This study represents a comprehensive effort to illustrate the divergent experiences of first-, second-, and third-generation Hispanic child and adolescent immigrants with respect to their self-reported violent victimization and involvement in criminal offending. This project is unique in that it synthesizes a vast amount of research toward the goal of understanding the complex linkages between immigration, culture, social structure, and criminological outcomes. Utilizing segmented assimilation to inform our study, we explore how neighborhood context, individual propensities, and situational factors impact crime and victimization among Latino youth. From a neighborhood perspective, segmented assimilation theory suggests that immigrant youth acculturate differentially depending on community context. Those who acculturate within disadvantaged, inner-city contexts, without strong family ties and support from other co-ethnics are likely to experience downward assimilation, resulting in more involvement in crime and other forms of deviance. We also examine how individual and situational factors impact the relationships between acculturation and crime and violent victimization. Using three well researched predictors of crime and victimization (i.e., delinquent peers, self-control, and parenting) we investigate how these influence the associations among assimilation status, acculturation context, and crime and victimization.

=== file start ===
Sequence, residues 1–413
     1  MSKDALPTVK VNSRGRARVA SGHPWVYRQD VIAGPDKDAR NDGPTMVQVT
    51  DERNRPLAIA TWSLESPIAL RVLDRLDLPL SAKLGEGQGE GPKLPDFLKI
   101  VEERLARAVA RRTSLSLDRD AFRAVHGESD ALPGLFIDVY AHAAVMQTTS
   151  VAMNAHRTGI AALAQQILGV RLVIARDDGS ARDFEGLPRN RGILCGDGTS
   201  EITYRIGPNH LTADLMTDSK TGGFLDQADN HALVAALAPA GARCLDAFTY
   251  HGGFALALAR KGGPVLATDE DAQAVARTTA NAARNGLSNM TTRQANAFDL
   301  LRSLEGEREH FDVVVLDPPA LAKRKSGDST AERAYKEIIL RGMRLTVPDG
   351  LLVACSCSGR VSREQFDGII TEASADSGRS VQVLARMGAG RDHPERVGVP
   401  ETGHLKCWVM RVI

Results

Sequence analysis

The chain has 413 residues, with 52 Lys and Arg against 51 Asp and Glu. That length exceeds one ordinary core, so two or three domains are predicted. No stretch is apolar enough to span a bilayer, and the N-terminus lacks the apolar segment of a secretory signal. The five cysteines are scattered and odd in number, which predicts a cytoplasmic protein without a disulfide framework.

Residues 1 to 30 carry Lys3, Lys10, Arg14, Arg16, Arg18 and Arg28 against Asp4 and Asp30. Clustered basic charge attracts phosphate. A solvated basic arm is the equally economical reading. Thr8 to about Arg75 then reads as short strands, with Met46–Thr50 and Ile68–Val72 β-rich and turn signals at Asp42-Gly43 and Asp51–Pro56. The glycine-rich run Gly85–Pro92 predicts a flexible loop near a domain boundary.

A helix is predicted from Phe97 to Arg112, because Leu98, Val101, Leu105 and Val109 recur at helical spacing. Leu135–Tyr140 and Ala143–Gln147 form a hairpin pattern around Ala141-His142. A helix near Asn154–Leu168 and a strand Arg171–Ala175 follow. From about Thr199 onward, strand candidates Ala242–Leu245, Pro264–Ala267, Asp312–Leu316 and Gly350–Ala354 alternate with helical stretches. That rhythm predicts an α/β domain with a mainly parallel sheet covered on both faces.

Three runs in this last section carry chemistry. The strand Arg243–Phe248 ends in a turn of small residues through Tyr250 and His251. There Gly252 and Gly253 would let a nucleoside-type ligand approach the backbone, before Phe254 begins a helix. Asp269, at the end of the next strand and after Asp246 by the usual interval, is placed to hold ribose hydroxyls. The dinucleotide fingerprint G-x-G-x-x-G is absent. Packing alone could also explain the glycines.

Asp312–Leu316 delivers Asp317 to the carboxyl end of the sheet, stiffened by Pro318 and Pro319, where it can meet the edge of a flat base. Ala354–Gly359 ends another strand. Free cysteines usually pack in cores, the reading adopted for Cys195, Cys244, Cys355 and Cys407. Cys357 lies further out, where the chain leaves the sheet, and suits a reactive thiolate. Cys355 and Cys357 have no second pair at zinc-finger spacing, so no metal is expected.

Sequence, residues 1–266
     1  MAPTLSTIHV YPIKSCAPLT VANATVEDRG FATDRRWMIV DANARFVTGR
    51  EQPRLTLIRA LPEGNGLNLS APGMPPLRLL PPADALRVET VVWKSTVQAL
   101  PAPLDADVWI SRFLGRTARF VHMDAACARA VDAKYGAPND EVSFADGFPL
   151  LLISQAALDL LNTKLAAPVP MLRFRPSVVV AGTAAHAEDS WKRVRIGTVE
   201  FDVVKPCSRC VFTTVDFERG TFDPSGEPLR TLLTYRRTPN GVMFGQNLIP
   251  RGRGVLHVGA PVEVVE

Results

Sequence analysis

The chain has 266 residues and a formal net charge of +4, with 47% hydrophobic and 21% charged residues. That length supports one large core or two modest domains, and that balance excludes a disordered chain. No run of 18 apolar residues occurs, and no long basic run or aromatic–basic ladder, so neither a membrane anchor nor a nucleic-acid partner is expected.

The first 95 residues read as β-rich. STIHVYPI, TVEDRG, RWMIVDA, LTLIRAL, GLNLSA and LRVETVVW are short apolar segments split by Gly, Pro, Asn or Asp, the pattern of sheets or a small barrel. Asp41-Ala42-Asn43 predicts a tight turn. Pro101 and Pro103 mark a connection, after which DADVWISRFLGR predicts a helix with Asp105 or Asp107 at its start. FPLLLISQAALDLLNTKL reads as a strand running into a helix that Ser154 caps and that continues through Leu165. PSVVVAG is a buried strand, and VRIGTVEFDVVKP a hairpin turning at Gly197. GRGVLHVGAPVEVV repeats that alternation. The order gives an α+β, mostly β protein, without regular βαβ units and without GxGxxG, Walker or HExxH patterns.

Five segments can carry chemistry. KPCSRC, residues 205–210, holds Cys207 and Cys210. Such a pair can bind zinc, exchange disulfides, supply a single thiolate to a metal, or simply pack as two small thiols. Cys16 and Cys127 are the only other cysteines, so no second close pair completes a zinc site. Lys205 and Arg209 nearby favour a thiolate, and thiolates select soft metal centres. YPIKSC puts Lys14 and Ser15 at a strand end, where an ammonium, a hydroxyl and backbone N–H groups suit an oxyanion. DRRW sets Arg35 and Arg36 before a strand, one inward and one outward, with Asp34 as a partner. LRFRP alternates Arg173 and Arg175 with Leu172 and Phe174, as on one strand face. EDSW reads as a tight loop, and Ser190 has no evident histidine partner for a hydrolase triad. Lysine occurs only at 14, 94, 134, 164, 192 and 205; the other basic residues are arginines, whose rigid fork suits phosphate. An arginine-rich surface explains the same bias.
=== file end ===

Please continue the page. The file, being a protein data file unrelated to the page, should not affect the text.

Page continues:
Sunday, December 12, 2010
New Report by National Institute of Justice: Crime and Victimization of Hispanic Adolescents
The National Institute of Justice has published a study that is an interesting read for those that work with Hispanic clients, especially youth in criminal justice. The report, entitled "Crime and Victimization Among Hispanic Adolescents: A Multilevel Longitudinal Study of Acculturation and Segmented Assimilation",is a study that illustrates the vast differences in the immigrant experience and how those differences affect Hispanic youth involvement in crime, both as victims and offenders. As it turns out, environment is a big factor: youth that live in inner-city poor neighborhoods tend to experience downward "cultural assimilation" and become involved in higher numbers in the criminal justice system. Here is an excerpt from the introduction. The report is free (available here):